A watermain project in the city's south end will suck in an additional $1.7 million due to unforeseen market conditions.
The installation of a transmission line, located on Mapleview Drive East from Yonge Street to Royal Jubilee Drive, will now cost more than $5 millon. The $1.7-million increase will be funded through development charge (DC) credits following a contruction agreement between the city and landowner groups in the area.
"I really struggle with this one, just because the initial staff report came back projecting this watermain at $2.1 million," Coun. Gary Harvey said at Monday night's general committee meeting. "Then in June, it came back asking for another $675,000. And here we are, two and a half months later, asking for another $1.7 million."
The Ward 7 councillor questioned how the project could double in cost "at this stage of the game."
Bala Araniyasundaran, the city's engineering director, said there are several reasons for the increase, "one of them being the actual design of the watermain. There were some changes to it, including some trenchless sections."
Additionally, prices in the construction market are trending up, he noted.
"That probably also contributed to part of the increase," Araniyasundaran said. "The availability of contractors at this stage, or at this time of the year, and also some of the estimates prepared by the consultants for some of the components were probably lower than what they should have been."
In June, the city worked out a development charge credit agreement with the Hewitt’s Creek Landowners Group and the Salem Landowners Group on details of the project. In exchange for building and financing the project, the landowners receive development charge (DC) credits.
The landowners, through their consultants, are responsible for procuring the appropriate contractors to complete the work. Their design consultant advised the city that the work, which a city staff report indicates "is integral infrastructure for providing domestic water supply and fire suppression for the Hewitt’s and Salem Secondary Plan areas," cannot be completed within the approved budget.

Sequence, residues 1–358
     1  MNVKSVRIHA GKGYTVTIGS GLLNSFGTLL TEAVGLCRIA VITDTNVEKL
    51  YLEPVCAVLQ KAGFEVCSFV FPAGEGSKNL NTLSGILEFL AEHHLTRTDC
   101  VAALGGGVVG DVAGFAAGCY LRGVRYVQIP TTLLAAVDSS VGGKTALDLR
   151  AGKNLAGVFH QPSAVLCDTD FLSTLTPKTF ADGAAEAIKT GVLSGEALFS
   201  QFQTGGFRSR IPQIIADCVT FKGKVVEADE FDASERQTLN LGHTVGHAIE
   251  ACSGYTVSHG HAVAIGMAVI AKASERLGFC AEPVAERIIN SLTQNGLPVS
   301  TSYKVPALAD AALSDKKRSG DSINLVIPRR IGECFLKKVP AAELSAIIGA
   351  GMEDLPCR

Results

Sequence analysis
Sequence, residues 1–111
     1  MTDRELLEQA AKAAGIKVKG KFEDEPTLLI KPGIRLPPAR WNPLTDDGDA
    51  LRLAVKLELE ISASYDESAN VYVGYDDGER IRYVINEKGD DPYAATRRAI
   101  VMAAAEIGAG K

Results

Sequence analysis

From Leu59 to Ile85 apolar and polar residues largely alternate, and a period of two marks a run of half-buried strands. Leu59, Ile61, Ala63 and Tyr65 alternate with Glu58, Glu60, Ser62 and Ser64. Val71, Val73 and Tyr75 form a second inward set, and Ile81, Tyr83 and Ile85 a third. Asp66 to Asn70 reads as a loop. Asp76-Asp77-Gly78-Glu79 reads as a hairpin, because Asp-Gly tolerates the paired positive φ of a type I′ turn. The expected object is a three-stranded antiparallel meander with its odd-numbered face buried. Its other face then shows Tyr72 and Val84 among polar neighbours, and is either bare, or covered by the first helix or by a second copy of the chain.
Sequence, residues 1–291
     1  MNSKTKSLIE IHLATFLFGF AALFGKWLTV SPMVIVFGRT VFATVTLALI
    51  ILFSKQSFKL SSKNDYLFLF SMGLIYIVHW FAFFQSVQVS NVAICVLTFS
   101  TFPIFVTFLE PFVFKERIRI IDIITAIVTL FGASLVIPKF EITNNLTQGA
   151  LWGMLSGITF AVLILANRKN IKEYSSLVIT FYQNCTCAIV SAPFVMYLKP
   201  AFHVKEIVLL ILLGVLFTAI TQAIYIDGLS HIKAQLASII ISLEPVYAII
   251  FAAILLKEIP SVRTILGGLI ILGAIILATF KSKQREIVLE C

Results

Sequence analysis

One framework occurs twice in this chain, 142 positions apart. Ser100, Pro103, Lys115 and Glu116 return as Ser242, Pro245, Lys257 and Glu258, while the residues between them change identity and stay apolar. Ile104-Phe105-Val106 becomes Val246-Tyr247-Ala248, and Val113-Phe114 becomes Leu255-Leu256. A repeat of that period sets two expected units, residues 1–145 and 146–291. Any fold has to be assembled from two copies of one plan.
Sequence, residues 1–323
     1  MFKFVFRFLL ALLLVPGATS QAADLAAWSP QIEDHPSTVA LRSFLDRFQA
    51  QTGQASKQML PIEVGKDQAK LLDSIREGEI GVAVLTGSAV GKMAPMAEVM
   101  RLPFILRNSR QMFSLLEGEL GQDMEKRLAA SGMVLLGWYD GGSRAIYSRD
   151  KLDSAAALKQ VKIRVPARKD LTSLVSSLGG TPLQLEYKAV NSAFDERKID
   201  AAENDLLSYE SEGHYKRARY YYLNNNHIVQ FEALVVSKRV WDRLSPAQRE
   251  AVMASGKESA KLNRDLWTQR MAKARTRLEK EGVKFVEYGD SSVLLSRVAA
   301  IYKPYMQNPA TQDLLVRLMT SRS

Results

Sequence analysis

Also in June, council approved increasing the project budget by almost $700,000 to $3.37 million.
Harvey asked whether there would be a chance for city staff to review the tenders that come in to "ensure we're getting value for our taxpayer dollars in relation to the DC credits that would be applied to this."
Araniyasundaran noted that is part of the construction agreement.
"The agreement does stipulate that the landowners have to undertake a fair and transparent tendering process," he said. "Our understanding is that was done. While we as city staff don't get involved with the procurement process, once the award of the tender has taken place, we do review the detailed bids that come in to make sure that ... the costs within the tender are appropriate and that the city is receiving fair value."
Harvey said that was his "big concern in the end, because we have this third party that's in control of this whole tendering process and that there is some sort of safeguard from the city's standpoint to ensure we're getting value for what's taking place."
The project was originally proposed to be constructed with the road improvements starting in 2023, but the landowners have indicated they'd like to see the project start as soon as possible.
It will be done in two phases, beginning with connecting to an existing stub at Sun King Crescent and Royal Jubilee Drive, extending west along Mapleview Drive and crossing Hewitt’s Creek. The second phase includes a bend westward from Kneeshaw before crossing the Metrolinx rail line, extending west to Yonge Street, north on Yonge Street, and tying into the Mapleview transmission main west of Yonge Street.